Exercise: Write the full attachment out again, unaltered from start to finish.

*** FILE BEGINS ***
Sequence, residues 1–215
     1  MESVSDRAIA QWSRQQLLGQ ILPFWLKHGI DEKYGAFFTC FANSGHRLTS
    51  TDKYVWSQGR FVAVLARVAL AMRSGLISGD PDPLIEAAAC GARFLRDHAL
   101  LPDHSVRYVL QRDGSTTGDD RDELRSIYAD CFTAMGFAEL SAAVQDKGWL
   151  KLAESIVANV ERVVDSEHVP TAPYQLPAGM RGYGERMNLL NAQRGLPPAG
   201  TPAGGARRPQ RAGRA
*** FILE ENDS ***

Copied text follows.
Sequence, residues 1–215
     1  MESVSDRAIA QWSRQQLLGQ ILPFWLKHGI DEKYGAFFTC FANSGHRLTS
    51  TDKYVWSQGR FVAVLARVAL AMRSGLISGD PDPLIEAAAC GARFLRDHAL
   101  LPDHSVRYVL QRDGSTTGDD RDELRSIYAD CFTAMGFAEL SAAVQDKGWL
   151  KLAESIVANV ERVVDSEHVP TAPYQLPAGM RGYGERMNLL NAQRGLPPAG
   201  TPAGGARRPQ RAGRA